4th Circuit rejects challenges to health care law

The 6th Circuit Court of Appeals said earlier this year that the Affordable Care Act is perfectly constitutional, rejecting conservative arguments out of hand. More recently, the 11th Circuit Court of Appeals reached the opposite conclusion. Would the 4th Circuit break the tie? Well, sort of.

A federal appeals court today dismissed one of the highest-profile challenges to President Obama’s healthcare reform law.

The 4th Circuit Court of Appeals said Virginia Attorney General Ken Cuccinelli does not have a legal right to sue over the law’s requirement that most people buy insurance. The court vacated a lower court’s ruling in the case and instructed the lower court to dismiss the suit.

The Affordable Care Act actually faced two separate legal challenges in Virginia, one from Cuccinelli, the comically far-right state A.G., and another from lawyers at Liberty University, founded by the late radical televangelist, Jerry Falwell. At the district level, Cuccinelli’s initial challenge won; Liberty’s didn’t.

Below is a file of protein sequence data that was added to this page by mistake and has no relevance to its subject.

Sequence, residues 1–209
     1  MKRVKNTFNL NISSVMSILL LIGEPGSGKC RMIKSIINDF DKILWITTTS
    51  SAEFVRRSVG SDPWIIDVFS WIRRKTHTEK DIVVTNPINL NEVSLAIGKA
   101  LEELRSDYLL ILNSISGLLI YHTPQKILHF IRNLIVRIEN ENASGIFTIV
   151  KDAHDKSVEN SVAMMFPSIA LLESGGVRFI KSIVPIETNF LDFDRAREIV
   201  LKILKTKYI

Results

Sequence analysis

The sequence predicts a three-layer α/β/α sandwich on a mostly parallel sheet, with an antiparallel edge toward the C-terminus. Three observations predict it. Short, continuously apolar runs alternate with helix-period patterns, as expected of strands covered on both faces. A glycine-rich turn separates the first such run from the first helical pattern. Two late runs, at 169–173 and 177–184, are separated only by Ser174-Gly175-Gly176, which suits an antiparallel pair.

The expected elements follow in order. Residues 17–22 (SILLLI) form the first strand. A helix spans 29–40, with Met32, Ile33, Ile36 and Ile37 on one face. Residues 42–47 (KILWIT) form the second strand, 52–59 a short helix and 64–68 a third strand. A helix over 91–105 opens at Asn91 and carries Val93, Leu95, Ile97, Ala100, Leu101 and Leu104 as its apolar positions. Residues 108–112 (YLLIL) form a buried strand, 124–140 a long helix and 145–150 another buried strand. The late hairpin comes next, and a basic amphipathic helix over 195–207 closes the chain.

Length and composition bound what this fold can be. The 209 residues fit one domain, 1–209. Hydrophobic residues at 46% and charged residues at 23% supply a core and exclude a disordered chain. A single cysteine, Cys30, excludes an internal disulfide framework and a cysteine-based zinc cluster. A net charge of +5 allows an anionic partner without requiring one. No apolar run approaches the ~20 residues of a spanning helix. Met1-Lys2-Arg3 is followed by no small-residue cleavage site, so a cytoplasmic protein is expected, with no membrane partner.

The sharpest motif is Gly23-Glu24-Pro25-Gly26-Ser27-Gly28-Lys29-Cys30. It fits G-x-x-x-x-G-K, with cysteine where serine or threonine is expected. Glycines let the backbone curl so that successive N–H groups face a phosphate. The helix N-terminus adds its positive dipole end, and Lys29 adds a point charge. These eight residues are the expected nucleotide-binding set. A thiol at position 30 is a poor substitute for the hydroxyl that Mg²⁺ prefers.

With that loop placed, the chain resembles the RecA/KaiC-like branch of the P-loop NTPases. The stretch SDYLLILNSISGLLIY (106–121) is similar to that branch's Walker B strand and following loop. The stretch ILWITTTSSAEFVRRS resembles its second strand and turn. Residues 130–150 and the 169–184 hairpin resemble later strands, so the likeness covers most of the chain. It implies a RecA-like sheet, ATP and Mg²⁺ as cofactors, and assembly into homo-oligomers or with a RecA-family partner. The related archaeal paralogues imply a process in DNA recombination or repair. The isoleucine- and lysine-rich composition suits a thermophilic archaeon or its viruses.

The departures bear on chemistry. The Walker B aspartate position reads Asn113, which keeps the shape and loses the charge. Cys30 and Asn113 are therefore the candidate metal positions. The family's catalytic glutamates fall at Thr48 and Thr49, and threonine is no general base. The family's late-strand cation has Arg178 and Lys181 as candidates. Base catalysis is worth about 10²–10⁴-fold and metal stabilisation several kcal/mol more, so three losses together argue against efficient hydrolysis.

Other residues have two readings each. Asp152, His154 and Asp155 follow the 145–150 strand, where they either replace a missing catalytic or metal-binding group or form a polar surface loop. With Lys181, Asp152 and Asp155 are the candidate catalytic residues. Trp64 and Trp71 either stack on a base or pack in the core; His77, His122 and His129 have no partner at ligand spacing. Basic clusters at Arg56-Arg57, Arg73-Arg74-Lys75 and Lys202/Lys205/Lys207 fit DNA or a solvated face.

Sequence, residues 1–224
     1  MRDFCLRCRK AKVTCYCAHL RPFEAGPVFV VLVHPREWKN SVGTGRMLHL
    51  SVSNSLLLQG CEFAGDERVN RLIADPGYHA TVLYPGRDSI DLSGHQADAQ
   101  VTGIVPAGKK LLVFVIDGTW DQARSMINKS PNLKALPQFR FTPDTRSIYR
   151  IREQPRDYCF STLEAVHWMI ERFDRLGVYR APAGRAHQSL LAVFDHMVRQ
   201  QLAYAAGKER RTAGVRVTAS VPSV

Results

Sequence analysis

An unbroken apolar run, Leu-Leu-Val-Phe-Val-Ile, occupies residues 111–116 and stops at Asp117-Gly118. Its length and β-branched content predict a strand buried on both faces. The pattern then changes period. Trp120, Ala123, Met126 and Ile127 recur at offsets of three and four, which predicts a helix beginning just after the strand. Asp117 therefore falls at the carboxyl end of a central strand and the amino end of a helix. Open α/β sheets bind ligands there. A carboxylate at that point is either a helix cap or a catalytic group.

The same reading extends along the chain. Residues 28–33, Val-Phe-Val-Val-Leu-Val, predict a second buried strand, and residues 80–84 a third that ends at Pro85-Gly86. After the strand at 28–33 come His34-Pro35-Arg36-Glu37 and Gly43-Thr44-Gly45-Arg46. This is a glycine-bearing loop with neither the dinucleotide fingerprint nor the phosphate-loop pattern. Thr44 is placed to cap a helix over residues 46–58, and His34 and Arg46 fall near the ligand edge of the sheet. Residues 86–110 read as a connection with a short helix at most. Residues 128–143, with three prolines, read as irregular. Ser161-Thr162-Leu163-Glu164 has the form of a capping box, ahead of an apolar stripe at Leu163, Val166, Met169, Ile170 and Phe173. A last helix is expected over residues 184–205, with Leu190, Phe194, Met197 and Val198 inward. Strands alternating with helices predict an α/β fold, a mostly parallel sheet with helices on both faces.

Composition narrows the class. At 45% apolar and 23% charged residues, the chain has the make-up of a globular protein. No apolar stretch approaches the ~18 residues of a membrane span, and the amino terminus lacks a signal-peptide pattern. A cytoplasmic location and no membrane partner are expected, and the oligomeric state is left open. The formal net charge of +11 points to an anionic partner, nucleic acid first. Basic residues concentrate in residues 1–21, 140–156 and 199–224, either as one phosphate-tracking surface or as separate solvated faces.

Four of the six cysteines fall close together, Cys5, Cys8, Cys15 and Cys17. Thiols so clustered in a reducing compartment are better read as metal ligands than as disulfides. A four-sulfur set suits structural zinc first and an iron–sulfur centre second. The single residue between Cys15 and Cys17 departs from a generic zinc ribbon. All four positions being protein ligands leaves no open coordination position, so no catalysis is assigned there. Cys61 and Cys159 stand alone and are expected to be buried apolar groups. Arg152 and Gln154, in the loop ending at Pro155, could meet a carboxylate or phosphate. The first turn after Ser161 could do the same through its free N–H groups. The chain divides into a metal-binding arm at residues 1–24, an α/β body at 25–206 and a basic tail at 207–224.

Today, the 4th Circuit said the plaintiffs lacked standing — that is, they lacked the legal ability to bring the case in the first place — and rejected both cases. The ruling was not unanimous, though, with one of the three appeals court judges saying the 4th Circuit should have considered the cases on the merits and ruled in the Affordable Care Act’s favor.

Everyone watching the debate appears to agree that these rulings are all just a dress rehearsal for the U.S. Supreme Court, which will likely hear arguments this fall before ruling next summer. That said, Ian Millhiser raises an interesting point: “Today’s decisions are the first court of appeals decisions to dismiss a case for want of jurisdiction after a lower court reached the merits — potentially raising the possibility that one or more of the justices could agree with them and prevent this constitutional question from being decided on the merits until after 2014.”

Something to keep an eye on.